Birth Death and Medicine Trip 2020
Every year during their 18 day field trips, the middle schoolers of Arthur Morgan School create a blog, documenting their trip. The students post pictures and write about what they did each day. They get to choose what moments they want to highlight and show off to their parents and friends at home. The blog is an awesome opportunity to reflect on what they are learning and articulate their feelings about their journey.
Right now the Birth, Death and Medicine Field Trip is in Washington D.C. and will soon be heading back to North Carolina. In their own words, here is what our students have to say about the trip so far!
First day of 18 Days!! We were all so excited to start off our 18 Day trip. We started our day with a one hour drive to Asheville to visit the Center for End of Life Transitions, an organization that focuses on helping more people do home funerals. Then we traveled to the Carolina Memorial Sanctuary, took a nice stroll through the park learning about green burials and seeing all the graves. After that it was off to Trader Joe’s for a snack stop, and then to Staples to print our zines. Finally, we drove to the Asheville Friends Meeting to end our day and rest for the night. It‘s super welcoming and homey and they have a beautiful library. The meeting room is very large, big enough to accommodate all of us. It feels like everyone’s energized and slightly anxious to be going on this super long trip, learning about Birth, Death, and Medicine!
We had such a wild day! After we left the Asheville Friends Meeting, we had an hour drive to West Carolina University. When we went in, we first saw a virtual cadaver that had so many things you could play with. After the virtual cadavers, we saw two real ones that smelled SO badly of formaldehyde. When that was done, we had lunch and drove to Knoxville. When we were there, we did a community health assessment with Jane (a friend of Natalie’s who works at the Health Department). We walked all over town and through the graveyard. It was so different than the graveyard we visited yesterday! When that was done we went to the grocery store where Lucas did backflips. After a bit more driving ,we talked to Angela an energy healer. We ended our day at the Knoxville Friends Meeting. We can’t wait until tomorrow!
Today we slept in. We had no big plans and we all needed the sleep. After eating breakfast and packing up our stuff, we helped out the Friends Meeting we were staying at and pulled up some English ivy. The first thing on our agenda was going to Planned Parenthood. Besides seeing a woodchuck on our way in, we learned about what they do including abortions and educating the community around them. After that, we drove back to the Friends Meeting and met with someone who works with the Knoxville Abortion Doulas Collective. They taught us about what they do and other programs like theirs through fun, engaging activities. After that we packed up and drove to Nashville to stay at their Friends Meeting for two nights. Everyone was pretty hyper, but for the most part settled down before bed.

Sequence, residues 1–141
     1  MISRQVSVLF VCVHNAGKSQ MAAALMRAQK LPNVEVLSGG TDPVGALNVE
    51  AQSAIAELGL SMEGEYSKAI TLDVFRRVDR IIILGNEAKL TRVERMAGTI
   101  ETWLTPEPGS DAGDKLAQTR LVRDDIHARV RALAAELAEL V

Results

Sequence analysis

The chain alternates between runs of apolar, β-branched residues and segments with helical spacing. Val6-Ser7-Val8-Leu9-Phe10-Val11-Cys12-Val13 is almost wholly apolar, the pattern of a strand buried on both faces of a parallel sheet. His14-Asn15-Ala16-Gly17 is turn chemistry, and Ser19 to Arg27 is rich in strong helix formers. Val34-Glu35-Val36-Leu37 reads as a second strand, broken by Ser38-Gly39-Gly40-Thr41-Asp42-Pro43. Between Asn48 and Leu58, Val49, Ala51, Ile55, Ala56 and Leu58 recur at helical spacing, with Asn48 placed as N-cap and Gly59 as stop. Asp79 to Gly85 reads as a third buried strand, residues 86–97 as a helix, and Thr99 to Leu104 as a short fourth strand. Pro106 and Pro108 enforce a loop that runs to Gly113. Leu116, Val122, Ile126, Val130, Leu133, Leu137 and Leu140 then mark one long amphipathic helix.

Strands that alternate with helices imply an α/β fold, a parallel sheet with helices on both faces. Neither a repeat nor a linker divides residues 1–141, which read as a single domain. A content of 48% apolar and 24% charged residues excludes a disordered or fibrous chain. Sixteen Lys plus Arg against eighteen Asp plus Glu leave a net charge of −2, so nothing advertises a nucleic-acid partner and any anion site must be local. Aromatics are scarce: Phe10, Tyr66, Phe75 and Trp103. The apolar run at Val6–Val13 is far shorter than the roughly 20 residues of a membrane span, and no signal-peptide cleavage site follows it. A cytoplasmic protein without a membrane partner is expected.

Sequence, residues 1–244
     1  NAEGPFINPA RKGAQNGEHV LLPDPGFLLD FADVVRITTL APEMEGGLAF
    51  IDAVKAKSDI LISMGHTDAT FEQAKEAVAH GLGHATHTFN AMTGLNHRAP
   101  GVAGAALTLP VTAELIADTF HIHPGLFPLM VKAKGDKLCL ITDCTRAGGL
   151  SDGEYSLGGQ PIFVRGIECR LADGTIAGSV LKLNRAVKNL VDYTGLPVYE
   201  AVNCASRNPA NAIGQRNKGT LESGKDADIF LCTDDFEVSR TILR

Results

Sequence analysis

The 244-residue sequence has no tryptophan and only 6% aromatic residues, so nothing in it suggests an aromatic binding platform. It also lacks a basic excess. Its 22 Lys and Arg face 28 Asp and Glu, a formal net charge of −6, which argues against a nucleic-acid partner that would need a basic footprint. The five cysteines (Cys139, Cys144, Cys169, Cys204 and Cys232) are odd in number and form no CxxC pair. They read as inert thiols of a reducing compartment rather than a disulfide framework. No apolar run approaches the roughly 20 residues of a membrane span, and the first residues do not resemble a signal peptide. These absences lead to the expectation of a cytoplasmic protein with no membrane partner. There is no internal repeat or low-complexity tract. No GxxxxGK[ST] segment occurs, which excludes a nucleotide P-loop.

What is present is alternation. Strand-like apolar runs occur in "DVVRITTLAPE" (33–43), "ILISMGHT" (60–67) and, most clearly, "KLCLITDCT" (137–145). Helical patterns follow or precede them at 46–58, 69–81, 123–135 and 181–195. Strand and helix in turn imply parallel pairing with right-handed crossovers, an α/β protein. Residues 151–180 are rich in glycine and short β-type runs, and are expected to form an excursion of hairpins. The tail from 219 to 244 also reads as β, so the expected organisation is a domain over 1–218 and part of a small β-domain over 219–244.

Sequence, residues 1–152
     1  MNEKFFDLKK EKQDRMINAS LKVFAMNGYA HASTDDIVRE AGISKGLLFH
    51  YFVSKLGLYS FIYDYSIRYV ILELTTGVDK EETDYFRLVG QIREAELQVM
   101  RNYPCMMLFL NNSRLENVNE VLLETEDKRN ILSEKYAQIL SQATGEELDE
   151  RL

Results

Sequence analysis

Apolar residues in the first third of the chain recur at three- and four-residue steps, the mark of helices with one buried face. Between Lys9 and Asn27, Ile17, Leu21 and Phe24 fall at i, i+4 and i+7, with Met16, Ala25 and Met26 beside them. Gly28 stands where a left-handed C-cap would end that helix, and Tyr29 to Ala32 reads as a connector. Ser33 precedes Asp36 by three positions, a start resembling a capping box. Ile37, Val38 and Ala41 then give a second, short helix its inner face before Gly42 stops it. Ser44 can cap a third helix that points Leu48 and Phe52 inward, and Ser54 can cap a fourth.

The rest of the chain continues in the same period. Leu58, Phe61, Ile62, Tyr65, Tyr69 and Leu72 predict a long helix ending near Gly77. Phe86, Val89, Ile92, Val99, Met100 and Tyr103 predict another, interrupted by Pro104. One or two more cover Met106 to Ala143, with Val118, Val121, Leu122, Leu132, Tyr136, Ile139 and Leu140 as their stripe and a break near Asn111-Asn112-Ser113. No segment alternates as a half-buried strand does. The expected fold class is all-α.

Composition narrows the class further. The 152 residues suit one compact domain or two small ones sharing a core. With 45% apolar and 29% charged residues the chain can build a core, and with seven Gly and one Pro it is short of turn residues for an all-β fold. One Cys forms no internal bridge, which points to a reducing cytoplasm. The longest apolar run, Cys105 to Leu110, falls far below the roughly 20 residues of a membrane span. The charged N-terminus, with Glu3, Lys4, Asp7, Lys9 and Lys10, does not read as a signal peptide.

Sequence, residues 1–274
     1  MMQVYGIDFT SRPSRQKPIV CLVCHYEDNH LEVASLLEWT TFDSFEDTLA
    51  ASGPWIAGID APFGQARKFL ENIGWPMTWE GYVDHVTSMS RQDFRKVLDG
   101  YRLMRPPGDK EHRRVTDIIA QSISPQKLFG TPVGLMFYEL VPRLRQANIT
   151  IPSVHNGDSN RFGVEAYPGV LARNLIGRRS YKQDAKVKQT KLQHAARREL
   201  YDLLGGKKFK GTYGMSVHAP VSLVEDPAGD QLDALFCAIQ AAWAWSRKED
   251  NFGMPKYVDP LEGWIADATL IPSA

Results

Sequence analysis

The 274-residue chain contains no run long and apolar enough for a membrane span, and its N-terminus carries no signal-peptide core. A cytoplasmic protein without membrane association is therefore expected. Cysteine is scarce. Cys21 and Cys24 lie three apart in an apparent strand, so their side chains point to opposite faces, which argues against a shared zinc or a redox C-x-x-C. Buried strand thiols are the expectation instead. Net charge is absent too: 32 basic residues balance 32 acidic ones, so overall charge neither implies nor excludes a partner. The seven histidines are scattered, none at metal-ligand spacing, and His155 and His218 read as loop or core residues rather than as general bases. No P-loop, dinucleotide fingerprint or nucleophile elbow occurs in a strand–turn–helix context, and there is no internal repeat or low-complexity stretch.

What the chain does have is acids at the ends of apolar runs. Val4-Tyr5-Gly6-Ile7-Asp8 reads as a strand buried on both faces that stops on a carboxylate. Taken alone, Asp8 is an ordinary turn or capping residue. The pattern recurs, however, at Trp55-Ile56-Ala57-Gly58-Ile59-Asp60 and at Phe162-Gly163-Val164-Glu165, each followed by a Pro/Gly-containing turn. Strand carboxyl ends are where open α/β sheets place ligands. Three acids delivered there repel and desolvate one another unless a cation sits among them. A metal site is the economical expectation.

We went to The Farm (an hour outside of Nashville) with midwives and it was a fun time! We climbed trees and went in the forest. It was great, their school is a lot like AMS but they have no manual labor. The community sounds great, but the only sad thing is they only have four teenagers so I don’t know if I would want to go there. The ones we met there were super cool, Rosie, Bailey, and Mason. We had fun and they gave us a tour around their eco-village with houses made of clay and straw. We also talked to two of their midwives, Deborah and Sarah. They did a little memo on what a prenatal check-in looks like and gave us a bunch of cool info of how The Farm got started. We also got to feel what it was like to see if the baby was in the right position. They had a really awesome dome playground where we had lunch, and a community store where we made our vending stop for the day. Everyone was super hyped and upbeat. We all looked like we had a good time except for sometimes when we were bored. A lot of the time today though was really fun.
I woke up, checked my watch: 6:00 am. Friday the 28th. I packed my stuff quietly so as not to wake people up. In a little while, everyone was awake. Some of us rolled in a cart till we were told to stop because some people were meeting. So then we started sliding on the wooden floor. We finished packing up right before a yoga class settled in. We ate breakfast and hit the road.
We were on the road for four and a half hours, with a stop at a Food Lion in the middle to get some vending in for the day. After vending all of us went into a long quiet time and fell asleep. When we got to the Frontier Nursing University, we were very hungry so we set up a lunch. The Frontier Nursing University is the oldest midwifery school in the USA founded by nurse midwife named Mary B. She trained as a midwife in England and came back to train other nurse midwives and to give healthcare to the poor mountain regions. Our guide said that without her there would be no Leslie County. Before she came, many babies in the area died. The midwives sometimes rode on horseback to get to the births. We learned all of this from a security person who doesn’t do the tours.